By Vinod Kr. Singh
One of the hot topics in the IP world today is IPC reform. Due to be published on 1 July 2005, and to come into effect on 1 January 2006, the eighth version of the IPC classification system (also referred to as IPC 2006) may not seem radically different from the previous IPC7, on first blush. But there are important benefits for patent searchers, attorneys, examiners and IP manager.
What is the IPC system?
The IPC classification system grew out of the Strasbourg Agreement of 1971 as an internationally acknowledged method of classifying patents for inventions, including published patent applications, utility models and utility certificates. Currently used in more than 100 countries as the major, or the only, form of classifying these documents, the purpose of the IPC system is to group patent documents according to the technical field in which they lie, independent of both language and terminology. As such, it is indispensable for retrieving patent documents to establish the novelty of an invention, or to determine the state of the art in a particular field.
What is IPC reform?
The IPC classification system is periodically reviewed in order to improve the system and to take into account technical and electronic developments. The IPC reform incorporates a number of key changes over and above the regular IPC revision. These include the addition of new entries (such as ‘traditional herbal medicines’), and a new two-level structure. This new structure divides the system into a ‘Core’ level, which satisfies the needs of small and medium-sized IP Offices, and an ‘Advanced’ level for those providing and searching larger patent collections. The rules, purpose and structure of the IPC symbols used for searching will not fundamentally change in the new edition, but the IPC will be more responsive to keep track of, and up with, recent explosions in technology.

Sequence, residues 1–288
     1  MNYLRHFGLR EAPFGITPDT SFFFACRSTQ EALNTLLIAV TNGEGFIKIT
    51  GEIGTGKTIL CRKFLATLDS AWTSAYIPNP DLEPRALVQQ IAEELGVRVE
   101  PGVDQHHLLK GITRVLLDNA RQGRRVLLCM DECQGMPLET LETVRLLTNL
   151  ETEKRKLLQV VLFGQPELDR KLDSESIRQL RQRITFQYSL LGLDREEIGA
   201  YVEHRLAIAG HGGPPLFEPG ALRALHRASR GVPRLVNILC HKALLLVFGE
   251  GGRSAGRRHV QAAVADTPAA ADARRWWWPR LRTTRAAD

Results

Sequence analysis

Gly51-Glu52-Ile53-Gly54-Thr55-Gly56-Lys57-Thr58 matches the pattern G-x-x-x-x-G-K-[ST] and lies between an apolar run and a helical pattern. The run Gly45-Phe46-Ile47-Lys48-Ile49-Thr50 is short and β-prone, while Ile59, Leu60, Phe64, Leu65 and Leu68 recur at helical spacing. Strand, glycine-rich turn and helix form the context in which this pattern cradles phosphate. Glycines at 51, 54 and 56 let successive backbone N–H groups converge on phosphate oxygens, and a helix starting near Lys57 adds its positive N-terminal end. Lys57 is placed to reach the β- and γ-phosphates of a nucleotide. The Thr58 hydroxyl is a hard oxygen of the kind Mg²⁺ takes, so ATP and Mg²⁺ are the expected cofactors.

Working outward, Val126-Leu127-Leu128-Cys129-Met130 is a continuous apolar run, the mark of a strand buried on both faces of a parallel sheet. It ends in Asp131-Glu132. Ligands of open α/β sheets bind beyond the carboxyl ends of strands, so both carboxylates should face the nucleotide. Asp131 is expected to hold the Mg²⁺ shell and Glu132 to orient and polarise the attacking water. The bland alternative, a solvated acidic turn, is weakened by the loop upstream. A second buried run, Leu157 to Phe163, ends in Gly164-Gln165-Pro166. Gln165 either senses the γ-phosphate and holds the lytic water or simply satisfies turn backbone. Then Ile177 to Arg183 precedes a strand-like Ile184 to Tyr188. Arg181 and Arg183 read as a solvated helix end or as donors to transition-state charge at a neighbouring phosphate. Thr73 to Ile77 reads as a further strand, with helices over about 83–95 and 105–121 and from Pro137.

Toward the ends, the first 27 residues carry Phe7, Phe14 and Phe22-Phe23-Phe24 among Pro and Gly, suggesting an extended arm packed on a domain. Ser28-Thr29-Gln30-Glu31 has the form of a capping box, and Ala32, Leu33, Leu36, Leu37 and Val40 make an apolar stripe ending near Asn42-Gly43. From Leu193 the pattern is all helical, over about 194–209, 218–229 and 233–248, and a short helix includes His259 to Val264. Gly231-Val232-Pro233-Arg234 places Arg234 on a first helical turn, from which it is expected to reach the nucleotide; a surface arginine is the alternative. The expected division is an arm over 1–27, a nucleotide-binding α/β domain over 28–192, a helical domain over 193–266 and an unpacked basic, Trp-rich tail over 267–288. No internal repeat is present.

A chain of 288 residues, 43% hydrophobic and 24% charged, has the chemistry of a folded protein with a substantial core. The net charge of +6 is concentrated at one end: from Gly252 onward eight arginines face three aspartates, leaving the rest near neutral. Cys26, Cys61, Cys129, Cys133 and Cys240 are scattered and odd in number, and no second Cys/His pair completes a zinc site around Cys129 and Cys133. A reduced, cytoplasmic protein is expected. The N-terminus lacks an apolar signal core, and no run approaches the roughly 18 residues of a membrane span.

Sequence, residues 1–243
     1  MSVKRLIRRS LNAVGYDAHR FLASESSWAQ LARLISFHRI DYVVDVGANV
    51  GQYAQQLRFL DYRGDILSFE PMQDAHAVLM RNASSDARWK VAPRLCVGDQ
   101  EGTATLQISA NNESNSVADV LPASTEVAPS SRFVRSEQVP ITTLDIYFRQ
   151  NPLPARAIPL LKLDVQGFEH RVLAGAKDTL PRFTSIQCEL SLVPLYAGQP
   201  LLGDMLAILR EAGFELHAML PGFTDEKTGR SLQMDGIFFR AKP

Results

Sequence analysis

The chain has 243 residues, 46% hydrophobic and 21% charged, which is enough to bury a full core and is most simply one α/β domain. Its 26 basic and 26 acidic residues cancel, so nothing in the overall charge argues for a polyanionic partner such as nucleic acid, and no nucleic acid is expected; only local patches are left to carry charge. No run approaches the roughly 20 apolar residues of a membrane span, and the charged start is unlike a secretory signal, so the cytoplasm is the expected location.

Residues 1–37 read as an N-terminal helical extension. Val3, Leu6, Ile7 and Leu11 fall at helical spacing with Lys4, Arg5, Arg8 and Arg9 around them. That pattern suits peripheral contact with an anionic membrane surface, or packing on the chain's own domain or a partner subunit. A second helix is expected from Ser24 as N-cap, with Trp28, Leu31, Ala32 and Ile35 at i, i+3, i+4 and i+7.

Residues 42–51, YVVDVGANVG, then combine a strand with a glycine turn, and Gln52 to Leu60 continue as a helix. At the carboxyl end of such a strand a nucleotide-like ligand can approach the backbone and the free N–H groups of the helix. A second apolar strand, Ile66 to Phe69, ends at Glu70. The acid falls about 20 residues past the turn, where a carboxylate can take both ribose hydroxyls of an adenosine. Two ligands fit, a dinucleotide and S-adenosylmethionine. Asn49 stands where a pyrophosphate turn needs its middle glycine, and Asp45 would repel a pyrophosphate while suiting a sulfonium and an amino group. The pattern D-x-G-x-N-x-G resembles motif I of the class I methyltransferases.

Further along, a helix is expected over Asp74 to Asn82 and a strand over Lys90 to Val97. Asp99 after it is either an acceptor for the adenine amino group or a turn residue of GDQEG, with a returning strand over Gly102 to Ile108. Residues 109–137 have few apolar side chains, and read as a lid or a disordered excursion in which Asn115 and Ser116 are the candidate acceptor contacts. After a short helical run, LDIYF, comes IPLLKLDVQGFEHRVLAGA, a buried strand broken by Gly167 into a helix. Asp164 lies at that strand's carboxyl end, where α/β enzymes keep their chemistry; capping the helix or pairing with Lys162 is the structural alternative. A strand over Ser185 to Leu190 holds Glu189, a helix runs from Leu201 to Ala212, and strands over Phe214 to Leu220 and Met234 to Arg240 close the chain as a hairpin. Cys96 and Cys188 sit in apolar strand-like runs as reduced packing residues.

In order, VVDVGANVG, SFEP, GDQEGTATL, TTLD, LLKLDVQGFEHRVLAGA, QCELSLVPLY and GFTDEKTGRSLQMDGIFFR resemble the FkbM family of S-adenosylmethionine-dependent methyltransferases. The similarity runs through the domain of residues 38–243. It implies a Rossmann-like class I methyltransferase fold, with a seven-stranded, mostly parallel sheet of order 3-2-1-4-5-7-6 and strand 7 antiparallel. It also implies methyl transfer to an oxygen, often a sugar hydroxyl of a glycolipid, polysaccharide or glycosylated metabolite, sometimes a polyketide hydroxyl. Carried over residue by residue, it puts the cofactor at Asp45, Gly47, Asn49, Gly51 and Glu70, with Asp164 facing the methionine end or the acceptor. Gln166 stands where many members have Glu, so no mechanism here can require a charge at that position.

Patent classifications (previous, current, and future) for those patents occurring in the major patent collections, ‘PCT Minimum Documentation’, will be kept up-to-date with the latest edition of the IPC. Searchers will no longer need to use different versions of the IPC to ensure a full coverage search of the major patent collections. Classifications will be maintained in a Master Classification Database (MCD) that will be accessible via esp@cenet. Finally, over time, useful background data will be added to a new ‘electronic layer’, containing supplementary online information, to help you search the IPC system effectively and efficiently.
Vinod Kr. Singh has a Master’s in Biotechnology with well developed skills and experience in patent searching, analysis, mapping and report writing. Expertise in Patent analysis, Infringement analysis, IP mapping.